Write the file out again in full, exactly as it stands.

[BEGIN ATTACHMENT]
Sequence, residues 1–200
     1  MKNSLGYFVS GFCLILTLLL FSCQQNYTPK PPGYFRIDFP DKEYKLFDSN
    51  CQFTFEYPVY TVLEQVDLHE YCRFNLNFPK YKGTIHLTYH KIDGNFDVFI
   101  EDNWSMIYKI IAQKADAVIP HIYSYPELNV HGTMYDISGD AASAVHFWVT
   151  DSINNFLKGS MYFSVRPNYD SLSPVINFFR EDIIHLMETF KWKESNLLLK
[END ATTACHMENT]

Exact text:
Sequence, residues 1–200
     1  MKNSLGYFVS GFCLILTLLL FSCQQNYTPK PPGYFRIDFP DKEYKLFDSN
    51  CQFTFEYPVY TVLEQVDLHE YCRFNLNFPK YKGTIHLTYH KIDGNFDVFI
   101  EDNWSMIYKI IAQKADAVIP HIYSYPELNV HGTMYDISGD AASAVHFWVT
   151  DSINNFLKGS MYFSVRPNYD SLSPVINFFR EDIIHLMETF KWKESNLLLK